Pro version: I think I'm missing too much RenderToTexture and full screen effects, but I understand there is your business. We would like to see more of the "A Pro version with small watermark that you can use for development and then pay only on publishing" and, maybe, "ad-supported editor or something", although this last doesn't seem so good enough. The subscription model lacks, for a small dev, in comparison with UE4, in terms of pricing.
Consoles: We are planning to move to consoles. We may find interesting the Pro version for iOS/Android, but not at the current price; we do not find it profitable. But I think it is a problem of those markets, not the engine. We are gathering info about different consoles, dev kits, license costs, etc. to make the leap. By the way, the Wii U/PS Vita licenses are full featured Pro versions of Unity?
3D or 2D: We work on 3D games because it is cheaper for us if the game has characters; we do not have 2D artist nor we know how to proper animate them. But gameplay wise, they are usually 2D - 2.5D. 2D was a great add, of course.
Communication: I'm getting properly informed of your future moves, and the community is excellent at this point. Although I usually get informed via others sites, as Gamasutra.
Subscription: I do not find all the features that come with a Pro license really needed for my current work; others seem soooo interesting that I don't mind and will be paying for them. The price is a bit high for all the features I won't be using, but it was a great decision: it IS tempting. Owning the software license? Not so important, but definitely a plus. More on that on the next section.
Source code: I won't mess with that, I'm more focused on building games. But there are a ton of developers that will help here, and will improve the quality of the engine just because they love getting in the guts of it. My main concern would be: if Unity dissappears -sure it won't happen -, what will happen with all the users? It would be nice to know that the source code would be opened, to let the community further develop, or at least maintain, the engine. And to answer one of the questions: frequent updates with no way to tweak the code is enough for me.
Stuck in development: we have shipped some games with Unity, so we are beyond that point. Making games is HARD, but extremely rewarding. The next big problem we will face, for our next game, is online multiplayer, although UNET is coming with Unity5, if I'm right. I don't know if the server-side problem will be covered, can't remember :S. In that case, maybe some info about hostings, servers, etc will be useful.
Others: integration of some social features with target platforms, although it seems like a BIG task and sure it got covered by some Assets in the Store. The Social API further extended to cover more platforms. And Monodevelop + Unity combo is giving us some headaches in 4.3; don't know why :S.
Thanks for your great work, guys. Overall, we are happy users of your engine, and find it suitable for many game genres, because our creativity doesn't get stopped by technical barriers (RenderToTexture maybe )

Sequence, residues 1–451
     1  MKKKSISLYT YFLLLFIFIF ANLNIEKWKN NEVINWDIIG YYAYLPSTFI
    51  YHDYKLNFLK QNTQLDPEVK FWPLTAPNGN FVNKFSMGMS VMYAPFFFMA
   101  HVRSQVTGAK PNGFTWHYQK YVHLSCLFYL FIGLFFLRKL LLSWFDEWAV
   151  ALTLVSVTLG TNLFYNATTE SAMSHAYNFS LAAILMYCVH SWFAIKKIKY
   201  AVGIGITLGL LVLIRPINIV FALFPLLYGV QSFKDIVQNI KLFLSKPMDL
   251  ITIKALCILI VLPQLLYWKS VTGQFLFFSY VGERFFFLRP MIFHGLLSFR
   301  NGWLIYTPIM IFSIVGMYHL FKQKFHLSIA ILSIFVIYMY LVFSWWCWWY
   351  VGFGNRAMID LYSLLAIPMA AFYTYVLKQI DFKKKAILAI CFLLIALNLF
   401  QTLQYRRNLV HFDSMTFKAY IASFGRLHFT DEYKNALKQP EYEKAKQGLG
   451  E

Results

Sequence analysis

Thought I'd share my thoughts on the subject, if it's not too late.
*Tell us who you are
I'm a student who mostly works with unity at my spare time (hobbyist).
*Tell us what type of developer you are and what kinds of business model works best for you.
So far I haven't finished a project that has given any revenue (though I hope that my current project will). Since I'm currently a student and I don't have a lot of money, I've mostly been using unity free. In regards to Unity pro, I'm mostly interested in the real time shadows, shaders and IK-animation. However, the price is currently too steep for me to dare take the risk. If Unity Pro only had a royalty for releasing games with it, then I would probably be able to use it. If my games would give enough revenue, I'd be able to buy the non-roalty Unity pro version.
So my suggestion is:
Keep both the Unity free and Unity pro versions.
Add a Unity Pro Royalty version, where The sothware is free to develop with, but it has a royalty when releasing games with it.
*Now, Unity Pro is essentially free or close to free on almost all platforms including consoles. Is this interesting to you?
Yes, I'm very much interested in getting out my games to as many platforms as possible.
My current project is aimed at PC/Mac, but if I could I would gladly also release it to consoles.
*Is it the case where it simply takes longer and is harder to make 3D games so you end up posting more here in the forums compared to the 2D game makers? What kind of games are you making?
Personally, I haven't posted a lot on the forums(too busy working on my game), so I can't completely relate to it, though I can imagine that making a 2D game is a bit less time-consuming.
Currently, I'm making a 2.5D game (3D game viewed from the side, like a 2D game).
*Are the technical blogs really helpful? Should devs reduce their workload and spend more time on these forums answering questions?
I'm not really sure. I don't really post a lot on the forums, because I usually follow the rule of only posting if I can't find it on the internet first. I generally find an answer sooner or later, so then I don't post a lot on the forum.
However, I can imagine that if I would post a question on the forum, I would like to have an answer to it.
Regarding the technical blogs, I don't read them very much, but now that I've taken a quick look at it, it seems to be kind of like a update on what's going on in the Unity Team, which I think is quite good.
However, what I really think would benefit more, is to keep making tutorials(either written or video). For example I remember seeing a video about pooling to save memory, which I think was really interesting.